In Pittsburgh, a city particularly inhospitable to bicycle commuters, cyclists are marking the spots where other bikers have been hit or killed by cars. Old bicycles are painted white and locked to chain link fences or sign posts, then draped with a placard “Cyclist struck here – ghostbike.org.” The images are chilling.

GBP is a group of concerned bicycle commuters who have seen lives destroyed by the lack of concern by city government and automobile drivers in general. They see Pittsburgh as a city with an uninviting transportation infrastructure, a government reluctant to accommodate their needs, and a set of laws that leans toward the rights of motorists and ignores unprotected bicyclists. … Bicycling remains a viable form of transportation that can reduce roadway congestion, air pollution, noise, parking needs, energy use, and above all, to provide more daily physical exercise for everyone.

Even though Pittsburgh’s Dept. of Public Works has been removing ghost bikes from the sites where they hang, GBP encourages people in other cities to mobilize similar actions.

Posted Thursday, June 24th, 2004 at 12:49 am
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Responses to “Ghost Bike”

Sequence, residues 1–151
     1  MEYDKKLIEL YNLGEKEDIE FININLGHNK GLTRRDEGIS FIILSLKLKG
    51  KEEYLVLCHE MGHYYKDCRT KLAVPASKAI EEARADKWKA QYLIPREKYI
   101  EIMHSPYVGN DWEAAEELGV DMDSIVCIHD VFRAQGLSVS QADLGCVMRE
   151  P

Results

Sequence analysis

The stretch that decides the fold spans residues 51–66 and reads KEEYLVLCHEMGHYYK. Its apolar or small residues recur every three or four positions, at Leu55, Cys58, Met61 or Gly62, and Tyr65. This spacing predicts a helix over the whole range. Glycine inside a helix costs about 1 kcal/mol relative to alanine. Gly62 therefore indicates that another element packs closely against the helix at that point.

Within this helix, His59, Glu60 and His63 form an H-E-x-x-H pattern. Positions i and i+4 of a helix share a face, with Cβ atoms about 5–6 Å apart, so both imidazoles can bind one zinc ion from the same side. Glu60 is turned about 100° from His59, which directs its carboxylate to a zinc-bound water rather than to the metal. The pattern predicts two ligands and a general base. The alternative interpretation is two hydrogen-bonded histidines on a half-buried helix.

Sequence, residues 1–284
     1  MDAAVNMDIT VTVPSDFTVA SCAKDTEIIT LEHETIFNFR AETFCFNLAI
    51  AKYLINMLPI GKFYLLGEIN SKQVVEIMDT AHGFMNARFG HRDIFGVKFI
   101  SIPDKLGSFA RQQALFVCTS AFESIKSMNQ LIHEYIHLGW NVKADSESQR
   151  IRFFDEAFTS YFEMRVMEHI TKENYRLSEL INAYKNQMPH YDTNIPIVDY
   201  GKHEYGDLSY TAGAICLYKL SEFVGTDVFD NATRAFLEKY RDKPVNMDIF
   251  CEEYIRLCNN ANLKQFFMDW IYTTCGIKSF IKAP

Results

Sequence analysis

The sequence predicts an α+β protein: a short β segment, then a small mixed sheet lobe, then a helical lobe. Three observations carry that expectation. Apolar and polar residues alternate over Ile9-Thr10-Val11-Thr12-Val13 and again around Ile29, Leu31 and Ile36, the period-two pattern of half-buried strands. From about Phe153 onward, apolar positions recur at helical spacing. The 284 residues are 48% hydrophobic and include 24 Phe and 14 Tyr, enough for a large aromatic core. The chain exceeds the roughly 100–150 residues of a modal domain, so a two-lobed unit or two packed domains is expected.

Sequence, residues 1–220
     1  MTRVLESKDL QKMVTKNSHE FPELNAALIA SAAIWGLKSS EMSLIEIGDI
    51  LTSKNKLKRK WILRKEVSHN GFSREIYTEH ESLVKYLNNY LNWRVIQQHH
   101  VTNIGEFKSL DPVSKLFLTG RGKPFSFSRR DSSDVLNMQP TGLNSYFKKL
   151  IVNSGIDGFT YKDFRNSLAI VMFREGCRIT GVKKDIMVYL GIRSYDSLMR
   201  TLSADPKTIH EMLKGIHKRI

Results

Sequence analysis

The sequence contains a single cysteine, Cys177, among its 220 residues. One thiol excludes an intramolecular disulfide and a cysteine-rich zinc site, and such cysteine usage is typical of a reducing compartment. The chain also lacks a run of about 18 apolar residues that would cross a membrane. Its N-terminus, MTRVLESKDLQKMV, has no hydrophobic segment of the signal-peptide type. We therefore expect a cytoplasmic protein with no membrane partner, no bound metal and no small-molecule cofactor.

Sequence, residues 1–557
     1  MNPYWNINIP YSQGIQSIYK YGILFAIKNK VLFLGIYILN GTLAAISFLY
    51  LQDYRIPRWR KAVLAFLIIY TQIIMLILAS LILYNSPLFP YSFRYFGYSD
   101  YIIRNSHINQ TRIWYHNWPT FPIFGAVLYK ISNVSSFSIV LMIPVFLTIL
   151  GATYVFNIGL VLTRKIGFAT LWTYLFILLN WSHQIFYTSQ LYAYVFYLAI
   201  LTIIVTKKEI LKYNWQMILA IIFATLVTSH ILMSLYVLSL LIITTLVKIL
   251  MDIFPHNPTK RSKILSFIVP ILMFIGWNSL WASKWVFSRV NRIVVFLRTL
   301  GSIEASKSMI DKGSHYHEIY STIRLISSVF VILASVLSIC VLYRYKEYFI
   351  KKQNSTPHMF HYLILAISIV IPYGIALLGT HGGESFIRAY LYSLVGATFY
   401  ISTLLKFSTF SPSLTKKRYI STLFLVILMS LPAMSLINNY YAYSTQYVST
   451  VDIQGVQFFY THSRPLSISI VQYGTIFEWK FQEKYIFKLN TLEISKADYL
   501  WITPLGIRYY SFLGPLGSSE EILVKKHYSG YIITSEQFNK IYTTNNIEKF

Andy Breglia

It is too bad someone can’t come up with some sort of template that can be used to spray-paint this information right on the pavement where the cyclist was killed or seriously injured. Of course, with our luck, they’ll come after the people doing the memorial.

Jim Doherty

I do find it odd that the fine of $211 is assessed. In Berkeley, Ca, that is the dollar amount of the fine for “operation” of a bicycle on the sidewalk, where the bike racks are installed. (The mere operation of a bike is prohibited on the sidewalks in Berkeley, where the bike racks are installed Kamikaze bikers under the age of 18, it’s OK to ride the sidewalks, also of course riding the sidewalks is OK if you are a Police officer.) Also by Berkeley Municipal Ordinance, every concievable misdeed by bicycle is a criminal misdemeanor, even locking a bike to a parking meter in Berkeley is a criminal misdemeanor.

That an unlicensed driver could have killed a bicyclist and had this reduced to an infraction is unconscionable. “Sentence” the Judge to riding a bike to work.

There is a guy in San Francisco who’s made it a pet project of his own to keep track of pedestrian (and bicyclist?)casualties on the streets of San Francisco. This includes some pavement markings I believe. I also think some press on M. Sperry’s fate and the ghost bike stuff could help.